By Edward “Ed” V. O’Neal, Senior Vice President and Manager, Retirement PlansPrint This Post
If the recent turbulent times have taught us anything, it’s the need to remain flexible! Over the past 12 to 14 months, we’ve all had to react to issues ranging from a health pandemic, shifting work environments, new regulations and erratic markets forcing us to adjust to what feels like a constantly changing environment.
Continuing the theme of adjustment and flexibility, this time perhaps in a good way, the IRS has announced an extension to the due date for individual taxpayers to file their 2020 tax returns and make federal tax payment from April 15, 2021 to May 17, 2021. The IRS recently provided clarification that the deadline extension also applies to contributions to IRAs (traditional and Roth), health savings accounts (HSAs) and Coverdell education savings accounts, and postpones the time for reporting and payment of the 10% additional tax on amounts includible in gross income from 2020 distributions from IRAs and workplace-based retirement plans. In addition, the deadline for recharacterizing IRA contributions, removing excess contributions (so there is no 6% excise tax), or repaying qualified plan loan offsets has also been extended to May 17.
If you are self-employed and sponsor a retirement plan such as a SEP IRA or Solo 401(k) plan, the deadline for your employer contributions has also now been extended to May 17, 2021. However, unlike traditional and Roth IRAs, if you file for an extension of time to complete your self-employed business tax return, you will have until the extended deadline to make any employer contributions for 2020.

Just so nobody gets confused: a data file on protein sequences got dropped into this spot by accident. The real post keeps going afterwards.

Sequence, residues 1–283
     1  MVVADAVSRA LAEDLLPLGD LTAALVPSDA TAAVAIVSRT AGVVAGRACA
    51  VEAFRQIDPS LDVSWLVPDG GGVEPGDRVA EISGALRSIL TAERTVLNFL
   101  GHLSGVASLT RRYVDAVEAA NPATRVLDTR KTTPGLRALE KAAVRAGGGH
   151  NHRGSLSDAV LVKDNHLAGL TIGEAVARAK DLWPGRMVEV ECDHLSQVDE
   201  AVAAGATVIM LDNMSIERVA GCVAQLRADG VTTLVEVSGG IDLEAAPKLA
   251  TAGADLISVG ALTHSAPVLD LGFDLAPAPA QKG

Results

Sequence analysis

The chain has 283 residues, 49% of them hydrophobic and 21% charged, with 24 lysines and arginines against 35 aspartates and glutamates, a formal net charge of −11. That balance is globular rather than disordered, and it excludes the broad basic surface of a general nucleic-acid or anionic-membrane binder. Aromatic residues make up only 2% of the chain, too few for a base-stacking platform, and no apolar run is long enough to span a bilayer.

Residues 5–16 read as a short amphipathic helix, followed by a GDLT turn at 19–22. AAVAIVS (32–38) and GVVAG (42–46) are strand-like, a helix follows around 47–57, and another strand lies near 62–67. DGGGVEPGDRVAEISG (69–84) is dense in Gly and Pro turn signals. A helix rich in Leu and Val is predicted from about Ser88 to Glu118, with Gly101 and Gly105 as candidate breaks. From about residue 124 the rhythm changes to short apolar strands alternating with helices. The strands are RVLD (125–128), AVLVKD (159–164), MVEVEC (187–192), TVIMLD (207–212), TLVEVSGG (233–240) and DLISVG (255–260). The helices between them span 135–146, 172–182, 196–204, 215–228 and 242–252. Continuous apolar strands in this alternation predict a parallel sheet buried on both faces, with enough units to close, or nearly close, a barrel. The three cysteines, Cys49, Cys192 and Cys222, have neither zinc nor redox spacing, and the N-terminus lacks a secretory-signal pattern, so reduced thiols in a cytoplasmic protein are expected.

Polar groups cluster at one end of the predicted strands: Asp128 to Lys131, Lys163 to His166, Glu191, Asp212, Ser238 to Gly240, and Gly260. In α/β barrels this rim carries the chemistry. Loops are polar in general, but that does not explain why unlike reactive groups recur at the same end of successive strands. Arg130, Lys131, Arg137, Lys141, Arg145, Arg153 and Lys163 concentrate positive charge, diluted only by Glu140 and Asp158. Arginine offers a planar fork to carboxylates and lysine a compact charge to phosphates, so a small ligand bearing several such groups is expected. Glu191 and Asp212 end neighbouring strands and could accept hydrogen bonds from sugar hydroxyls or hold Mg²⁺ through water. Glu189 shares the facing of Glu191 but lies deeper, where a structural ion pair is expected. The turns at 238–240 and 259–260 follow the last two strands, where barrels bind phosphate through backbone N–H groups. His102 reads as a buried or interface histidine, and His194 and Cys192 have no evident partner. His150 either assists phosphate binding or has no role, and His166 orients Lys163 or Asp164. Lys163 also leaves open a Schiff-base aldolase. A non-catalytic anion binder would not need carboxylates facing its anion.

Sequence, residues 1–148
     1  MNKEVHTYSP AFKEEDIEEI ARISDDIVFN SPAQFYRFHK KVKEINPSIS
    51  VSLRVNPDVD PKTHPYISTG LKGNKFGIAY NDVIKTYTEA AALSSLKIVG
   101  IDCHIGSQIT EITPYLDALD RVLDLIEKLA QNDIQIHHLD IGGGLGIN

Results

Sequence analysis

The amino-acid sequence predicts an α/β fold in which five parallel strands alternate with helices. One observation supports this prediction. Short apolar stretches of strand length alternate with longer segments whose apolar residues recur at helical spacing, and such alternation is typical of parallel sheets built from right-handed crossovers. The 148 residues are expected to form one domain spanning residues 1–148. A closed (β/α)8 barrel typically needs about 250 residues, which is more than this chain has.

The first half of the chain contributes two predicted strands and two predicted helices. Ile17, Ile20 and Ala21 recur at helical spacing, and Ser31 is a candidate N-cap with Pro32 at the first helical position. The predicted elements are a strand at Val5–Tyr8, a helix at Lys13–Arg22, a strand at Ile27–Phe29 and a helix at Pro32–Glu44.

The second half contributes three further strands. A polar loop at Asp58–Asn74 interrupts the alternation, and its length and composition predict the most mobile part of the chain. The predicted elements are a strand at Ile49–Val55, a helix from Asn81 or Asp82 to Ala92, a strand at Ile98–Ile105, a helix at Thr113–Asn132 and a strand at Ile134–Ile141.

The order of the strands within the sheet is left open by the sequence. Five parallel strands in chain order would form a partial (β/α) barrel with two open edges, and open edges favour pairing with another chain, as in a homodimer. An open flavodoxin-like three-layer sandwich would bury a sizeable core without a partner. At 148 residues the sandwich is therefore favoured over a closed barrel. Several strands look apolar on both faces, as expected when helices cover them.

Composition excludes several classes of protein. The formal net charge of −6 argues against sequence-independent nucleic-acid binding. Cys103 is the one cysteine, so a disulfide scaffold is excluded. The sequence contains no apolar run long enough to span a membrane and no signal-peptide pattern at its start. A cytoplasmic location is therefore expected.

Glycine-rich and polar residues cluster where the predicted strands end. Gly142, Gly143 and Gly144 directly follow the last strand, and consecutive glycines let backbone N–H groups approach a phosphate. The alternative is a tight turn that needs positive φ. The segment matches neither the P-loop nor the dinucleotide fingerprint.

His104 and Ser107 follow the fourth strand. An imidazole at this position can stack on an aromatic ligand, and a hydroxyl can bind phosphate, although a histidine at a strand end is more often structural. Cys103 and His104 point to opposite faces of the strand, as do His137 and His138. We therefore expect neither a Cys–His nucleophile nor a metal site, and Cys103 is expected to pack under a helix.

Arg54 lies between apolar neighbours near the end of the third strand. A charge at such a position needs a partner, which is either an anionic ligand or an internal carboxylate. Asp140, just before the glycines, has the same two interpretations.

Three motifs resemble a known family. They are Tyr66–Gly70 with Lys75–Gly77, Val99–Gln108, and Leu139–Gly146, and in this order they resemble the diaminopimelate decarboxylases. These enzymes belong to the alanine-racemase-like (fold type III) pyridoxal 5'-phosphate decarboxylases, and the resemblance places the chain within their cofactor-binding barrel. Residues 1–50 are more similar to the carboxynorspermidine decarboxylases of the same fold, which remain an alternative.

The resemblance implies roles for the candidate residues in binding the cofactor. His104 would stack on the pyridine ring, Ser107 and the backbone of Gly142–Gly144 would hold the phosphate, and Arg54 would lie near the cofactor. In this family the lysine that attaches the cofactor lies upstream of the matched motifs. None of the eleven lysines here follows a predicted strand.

Some individuals will get even more time to file and make IRA contributions this year. If you reside in a declared federal disaster area due to the February winter storms in Texas, Louisiana and Oklahoma, you will have until June 15, 2021 to file returns, make tax payments (including estimated tax payments) and make IRA contributions.
Despite multiple tax deadline extensions, there are some tax dates that remain unchanged. For example, April 15, 2021 remains the deadline for estimated tax payments. Given all these changes, it’s more important than ever to check with your tax preparer for details and to confirm your tax filing deadline.
Benjamin F. Edwards does not provide tax advice; therefore, it is also important to consult with your tax professional for additional guidance tailored to your specific situation.